[Dixielandjazz] Too Loud?
yup1275 at earthlink.net
Thu Nov 20 15:06:16 PST 2003
Lots of good stuff here.
However, generalities can be unfair.
Loud, louder, loudest - which? Some are, for sure.
I'm a bass player and I finally have a good AMP.
A couple of musicians with-biases-coming-in have
said I was too loud. Perhaps, but I'm not so sure.
Attitudes, like generalities = hear what isn't there?
These days, we are accustomed, with good radios
and tuners and speakers in our cars and homes
to hearing fuller sounds than we ever did before,
with clarity from top to bottom.
Actually hearing clear bass lines lets us know how
important a roll the bass plays in giving depth and
clarifying the chords. The bass provides symmetry,
movement, and generates excitement; a heartbeat.
The bass should not dominate. It should be more
than a murmur. The bassist is a musician and may
have melodic solos to contribute and the rhythm
section need not shut down anymore.
It seems to many front liners, it's like throwing the
dog a bone to ho-hum give the bass half a chorus.
As if only they could have something to offer while,
in tune after tune, they do their obligatory and
sometimes boring, half-hearted run-throughs.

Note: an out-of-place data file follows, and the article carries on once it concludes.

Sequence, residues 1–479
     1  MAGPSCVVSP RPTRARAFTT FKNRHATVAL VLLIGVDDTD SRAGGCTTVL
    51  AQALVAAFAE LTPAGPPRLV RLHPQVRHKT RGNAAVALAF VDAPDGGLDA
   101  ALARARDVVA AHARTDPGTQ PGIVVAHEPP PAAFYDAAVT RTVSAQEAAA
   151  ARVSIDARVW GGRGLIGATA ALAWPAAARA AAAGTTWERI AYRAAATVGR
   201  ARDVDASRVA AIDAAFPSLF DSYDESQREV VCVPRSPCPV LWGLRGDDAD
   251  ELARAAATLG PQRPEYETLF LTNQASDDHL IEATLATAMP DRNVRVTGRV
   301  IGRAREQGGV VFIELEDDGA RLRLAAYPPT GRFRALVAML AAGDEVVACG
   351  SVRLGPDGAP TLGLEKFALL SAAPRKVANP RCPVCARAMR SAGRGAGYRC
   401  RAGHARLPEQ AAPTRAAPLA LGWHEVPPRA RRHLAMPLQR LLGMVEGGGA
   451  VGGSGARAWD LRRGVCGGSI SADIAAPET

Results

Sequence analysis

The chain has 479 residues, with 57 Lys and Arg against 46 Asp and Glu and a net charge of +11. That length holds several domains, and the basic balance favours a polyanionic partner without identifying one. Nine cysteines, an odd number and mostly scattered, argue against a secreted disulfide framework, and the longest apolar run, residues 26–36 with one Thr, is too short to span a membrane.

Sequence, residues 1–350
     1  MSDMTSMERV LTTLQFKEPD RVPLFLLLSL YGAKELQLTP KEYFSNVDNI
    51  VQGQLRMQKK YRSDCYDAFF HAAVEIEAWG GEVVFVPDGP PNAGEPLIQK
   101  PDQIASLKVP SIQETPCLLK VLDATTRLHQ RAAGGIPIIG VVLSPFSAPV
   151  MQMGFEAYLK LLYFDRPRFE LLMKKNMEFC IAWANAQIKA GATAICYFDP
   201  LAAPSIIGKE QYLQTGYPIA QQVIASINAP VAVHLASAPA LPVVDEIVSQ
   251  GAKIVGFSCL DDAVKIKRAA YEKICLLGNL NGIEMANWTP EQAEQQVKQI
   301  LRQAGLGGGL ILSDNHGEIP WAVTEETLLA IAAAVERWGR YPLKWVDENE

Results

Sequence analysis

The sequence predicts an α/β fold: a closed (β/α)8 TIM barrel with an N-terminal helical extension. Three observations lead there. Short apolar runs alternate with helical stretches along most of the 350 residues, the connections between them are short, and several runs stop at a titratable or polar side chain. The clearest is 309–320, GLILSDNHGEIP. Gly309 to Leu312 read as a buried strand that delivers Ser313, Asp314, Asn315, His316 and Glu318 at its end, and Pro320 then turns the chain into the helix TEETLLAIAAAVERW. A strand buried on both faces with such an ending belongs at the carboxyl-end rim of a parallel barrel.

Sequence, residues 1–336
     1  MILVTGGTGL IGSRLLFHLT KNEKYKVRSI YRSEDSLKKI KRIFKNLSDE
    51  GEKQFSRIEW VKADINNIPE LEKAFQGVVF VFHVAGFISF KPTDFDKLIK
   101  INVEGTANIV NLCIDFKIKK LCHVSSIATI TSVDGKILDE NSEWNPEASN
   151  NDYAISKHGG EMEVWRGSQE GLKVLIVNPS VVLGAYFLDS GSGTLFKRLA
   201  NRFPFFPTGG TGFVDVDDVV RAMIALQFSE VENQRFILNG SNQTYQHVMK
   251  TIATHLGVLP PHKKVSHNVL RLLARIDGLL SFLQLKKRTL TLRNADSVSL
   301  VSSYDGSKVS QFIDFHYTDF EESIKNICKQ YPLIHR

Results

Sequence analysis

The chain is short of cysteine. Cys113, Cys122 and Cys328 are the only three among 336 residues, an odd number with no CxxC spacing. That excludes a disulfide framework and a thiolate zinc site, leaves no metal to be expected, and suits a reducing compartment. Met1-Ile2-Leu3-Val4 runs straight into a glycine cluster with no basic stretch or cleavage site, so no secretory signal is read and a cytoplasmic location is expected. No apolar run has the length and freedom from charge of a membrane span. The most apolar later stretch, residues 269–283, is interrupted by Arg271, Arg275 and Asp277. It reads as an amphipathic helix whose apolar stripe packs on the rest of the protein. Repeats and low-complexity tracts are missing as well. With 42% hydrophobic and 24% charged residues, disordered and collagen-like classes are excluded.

Whether it's John Kirby or Charlie Hayden, the bassist
must often become bandleader in order to get a fair
break and be included as a full member of the band.
That's what I did with the Hangtown Jazz Company.
I was often heard to say "If you can't hear each other,
you're playing too loud." I thot our balance was good.
Jazz is a wonderful conspiracy to bring joy and life to
music as a team. Members must listen to and honor
each other. Winning is when all the creative people
are able to contribute and all are encouraged to reach
How do you score here, noble websters?
David McCartney, and proud of it!
If I've written this before, perhaps it bears repeating.
TCASHWIGG at aol.com wrote:
> In a message dated 11/20/03 1:22:02 PM Pacific Standard Time,
> Trumpetom at aol.com writes:
> > . I''ve irritated a few bass
> > players when I was the bandleader by requesting the amp go up on a chair or
> > table
> > behind the player so they can hear themselves.
> If any instrument is too loud the tendency for most bands and sound engineers
> to keep turning everybody else up so they can hear, They should be doing
> just the opposite, turning every body down to a respectable audio level that is
> not ear shattering to anyone.
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